Daniel Kraft

Podcast: Daniel Kraft MD, Physician/Scientist and Innovator

April 19, 2021
VectorCare Team

Daniel Kraft is a Stanford and Harvard trained physician-scientist, inventor, entrepreneur, and innovator and is serving as the Chair of the XPRIZE PANDEMIC ALLIANCE TASK FORCE.  With over 25 years of experience in clinical practice, biomedical research and healthcare innovation, Kraft has chaired the Medicine for SINGULARITY UNIVERSITY  since its inception in 2008, and is founder and chair of EXPONENTIAL MEDICINE, a program that explores convergent, rapidly developing technologies and their potential in biomedicine and healthcare. Following undergraduate degrees from Brown University and medical school at Stanford, Daniel was Board Certified in both Internal Medicine & Pediatrics after completing a Harvard residency at the Massachusetts General Hospital & Boston Children's Hospital, and fellowships in hematology, oncology and bone marrow transplantation at Stanford. Kraft also founded Digital Health, is on the board of Healthy.io, founded IntelliMedicine, and more.

He is often called upon to speak to the future of health, medicine and technology and has given 5 TED AND TEDMED TALKS. Kraft recently gave a TEDTalk on the future of medicine as catalyzed by COVID-19, which you can view on his WEBSITE.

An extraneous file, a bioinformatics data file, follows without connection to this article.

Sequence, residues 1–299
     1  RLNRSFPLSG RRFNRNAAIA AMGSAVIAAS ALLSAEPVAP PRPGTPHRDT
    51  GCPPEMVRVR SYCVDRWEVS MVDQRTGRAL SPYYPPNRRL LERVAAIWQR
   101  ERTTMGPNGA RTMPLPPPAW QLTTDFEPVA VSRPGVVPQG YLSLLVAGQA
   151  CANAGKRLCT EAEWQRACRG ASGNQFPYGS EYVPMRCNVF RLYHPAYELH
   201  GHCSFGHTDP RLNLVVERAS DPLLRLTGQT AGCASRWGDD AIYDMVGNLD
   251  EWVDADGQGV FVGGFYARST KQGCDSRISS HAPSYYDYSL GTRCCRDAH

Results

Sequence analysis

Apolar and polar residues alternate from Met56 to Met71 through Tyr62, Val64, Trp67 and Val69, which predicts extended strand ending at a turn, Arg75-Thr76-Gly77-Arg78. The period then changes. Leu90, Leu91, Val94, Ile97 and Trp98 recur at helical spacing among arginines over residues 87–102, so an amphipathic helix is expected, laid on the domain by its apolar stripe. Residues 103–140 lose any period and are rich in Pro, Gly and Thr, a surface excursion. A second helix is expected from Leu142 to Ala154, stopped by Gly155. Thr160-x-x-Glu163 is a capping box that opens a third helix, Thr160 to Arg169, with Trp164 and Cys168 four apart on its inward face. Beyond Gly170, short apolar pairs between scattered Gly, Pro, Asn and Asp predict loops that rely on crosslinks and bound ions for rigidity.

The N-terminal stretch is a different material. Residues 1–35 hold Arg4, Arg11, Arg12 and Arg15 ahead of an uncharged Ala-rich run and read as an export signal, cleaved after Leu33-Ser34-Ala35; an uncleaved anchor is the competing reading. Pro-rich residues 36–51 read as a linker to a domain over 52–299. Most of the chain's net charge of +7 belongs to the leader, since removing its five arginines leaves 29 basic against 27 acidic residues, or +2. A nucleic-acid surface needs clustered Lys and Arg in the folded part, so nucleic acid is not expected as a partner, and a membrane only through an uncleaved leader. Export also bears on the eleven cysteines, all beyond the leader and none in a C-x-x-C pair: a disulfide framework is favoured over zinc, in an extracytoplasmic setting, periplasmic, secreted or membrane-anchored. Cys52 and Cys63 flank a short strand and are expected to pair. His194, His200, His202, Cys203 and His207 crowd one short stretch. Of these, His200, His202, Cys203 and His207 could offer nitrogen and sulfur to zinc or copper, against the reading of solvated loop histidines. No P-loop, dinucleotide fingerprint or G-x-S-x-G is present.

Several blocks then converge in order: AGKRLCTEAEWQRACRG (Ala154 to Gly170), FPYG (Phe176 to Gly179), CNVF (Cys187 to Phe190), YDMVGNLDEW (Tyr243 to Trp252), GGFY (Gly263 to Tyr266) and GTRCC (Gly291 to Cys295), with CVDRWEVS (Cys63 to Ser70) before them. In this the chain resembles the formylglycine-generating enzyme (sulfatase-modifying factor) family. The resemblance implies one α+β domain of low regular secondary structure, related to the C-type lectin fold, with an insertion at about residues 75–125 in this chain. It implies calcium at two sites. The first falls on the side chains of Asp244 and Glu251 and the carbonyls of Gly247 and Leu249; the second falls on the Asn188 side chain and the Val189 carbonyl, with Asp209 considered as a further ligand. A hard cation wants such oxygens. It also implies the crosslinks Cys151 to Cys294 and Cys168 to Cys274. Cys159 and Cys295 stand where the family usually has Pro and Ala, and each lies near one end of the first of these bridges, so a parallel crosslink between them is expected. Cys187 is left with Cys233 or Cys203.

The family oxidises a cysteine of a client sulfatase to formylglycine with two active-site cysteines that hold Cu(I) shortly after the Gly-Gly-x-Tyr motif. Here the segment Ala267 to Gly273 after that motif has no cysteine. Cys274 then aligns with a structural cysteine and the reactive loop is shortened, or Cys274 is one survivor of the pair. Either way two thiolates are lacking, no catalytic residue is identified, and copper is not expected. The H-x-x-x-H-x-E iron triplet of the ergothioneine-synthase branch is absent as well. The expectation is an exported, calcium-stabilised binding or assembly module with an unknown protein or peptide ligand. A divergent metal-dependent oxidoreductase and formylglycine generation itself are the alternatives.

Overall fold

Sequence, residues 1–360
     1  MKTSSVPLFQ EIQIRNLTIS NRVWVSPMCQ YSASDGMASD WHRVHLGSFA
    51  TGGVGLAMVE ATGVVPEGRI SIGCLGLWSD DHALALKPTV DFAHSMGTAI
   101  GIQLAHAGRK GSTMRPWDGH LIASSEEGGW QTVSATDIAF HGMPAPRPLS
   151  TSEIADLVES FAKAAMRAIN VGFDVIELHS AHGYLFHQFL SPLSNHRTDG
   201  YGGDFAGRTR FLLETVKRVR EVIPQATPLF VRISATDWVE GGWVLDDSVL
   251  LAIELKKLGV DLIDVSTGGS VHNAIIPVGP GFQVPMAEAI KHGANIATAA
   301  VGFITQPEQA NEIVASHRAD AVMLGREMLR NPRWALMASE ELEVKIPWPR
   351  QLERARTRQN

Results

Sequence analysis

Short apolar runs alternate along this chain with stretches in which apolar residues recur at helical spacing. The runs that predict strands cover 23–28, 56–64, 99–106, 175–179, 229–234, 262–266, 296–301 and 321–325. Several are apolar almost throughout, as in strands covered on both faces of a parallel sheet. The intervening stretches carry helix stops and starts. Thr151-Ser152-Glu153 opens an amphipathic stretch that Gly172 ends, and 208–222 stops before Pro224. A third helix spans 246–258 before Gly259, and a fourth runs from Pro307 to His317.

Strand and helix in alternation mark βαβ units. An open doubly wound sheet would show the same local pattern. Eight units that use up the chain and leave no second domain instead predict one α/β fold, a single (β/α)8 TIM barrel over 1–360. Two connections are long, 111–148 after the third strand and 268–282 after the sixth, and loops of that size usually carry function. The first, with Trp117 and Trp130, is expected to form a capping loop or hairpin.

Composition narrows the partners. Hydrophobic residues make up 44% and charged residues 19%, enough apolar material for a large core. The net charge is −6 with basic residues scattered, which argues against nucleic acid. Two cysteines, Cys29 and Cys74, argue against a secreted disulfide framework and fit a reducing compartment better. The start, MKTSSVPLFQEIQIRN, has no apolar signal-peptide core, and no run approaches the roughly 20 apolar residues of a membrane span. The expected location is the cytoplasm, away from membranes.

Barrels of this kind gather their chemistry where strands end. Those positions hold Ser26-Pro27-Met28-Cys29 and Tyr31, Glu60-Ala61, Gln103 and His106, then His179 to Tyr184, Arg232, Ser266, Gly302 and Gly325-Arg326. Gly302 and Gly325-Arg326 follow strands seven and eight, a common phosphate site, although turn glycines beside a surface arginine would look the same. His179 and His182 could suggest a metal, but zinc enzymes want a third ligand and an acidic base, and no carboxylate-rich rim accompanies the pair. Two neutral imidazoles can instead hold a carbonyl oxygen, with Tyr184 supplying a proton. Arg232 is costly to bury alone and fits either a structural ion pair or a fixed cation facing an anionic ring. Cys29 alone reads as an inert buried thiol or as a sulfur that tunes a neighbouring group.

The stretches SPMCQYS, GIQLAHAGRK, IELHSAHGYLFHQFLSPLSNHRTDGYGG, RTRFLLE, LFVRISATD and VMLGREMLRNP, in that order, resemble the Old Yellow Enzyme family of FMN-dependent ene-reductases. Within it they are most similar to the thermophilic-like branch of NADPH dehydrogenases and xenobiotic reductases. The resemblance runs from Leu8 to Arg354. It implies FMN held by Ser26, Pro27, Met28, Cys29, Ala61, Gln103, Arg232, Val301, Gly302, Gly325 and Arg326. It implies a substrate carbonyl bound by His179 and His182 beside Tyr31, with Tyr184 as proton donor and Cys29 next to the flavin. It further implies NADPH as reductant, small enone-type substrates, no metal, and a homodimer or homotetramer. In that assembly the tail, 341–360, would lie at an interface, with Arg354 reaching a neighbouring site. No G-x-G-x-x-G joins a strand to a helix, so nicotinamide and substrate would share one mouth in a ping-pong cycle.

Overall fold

Kraft spoke to us this week on the future of healthcare technology, how to connect healthcare information silos, how our world will change post-pandemic, and more.

Below are a couple highlights from our interview, but be sure to listen and subscribe to The Patient's Journey podcast, linked at the bottom of the page.


So, Daniel, people refer to you as a technologist and a futurist. Could you tell us a little bit about what that means?

Actually, I really don't call myself a futurist. I'm more of a realist and I strive to help people think about what's possible in healthcare settings, catalyzing better health and medicine for each of us and around the planet. So if you want to call that a futurist. There's so many pain points across health care that we probably all experience: whether it's getting your medications refilled, scheduling an appointment, or getting your COVID vaccine and we need to think differently about how we can approach those challenges.

One lens that I try to adopt is leveraging the convergence of different technologies from mobile and A.I. and robotics and 3D printing and nanotech and genomics change and personal genomics, etc. And how might this convergence super converge to enable us to think about technologies differently and to bring that future to us faster? Because the future is coming faster than we think, particularly in healthcare.

I look at the American healthcare system today and there's a lot of frustration. While in many ways we have cutting-edge technology and solutions, healthcare can also be very much stuck in old ways. There’s still a large dependence on paper and fax machines. How do we help the industry move away from outdated technology?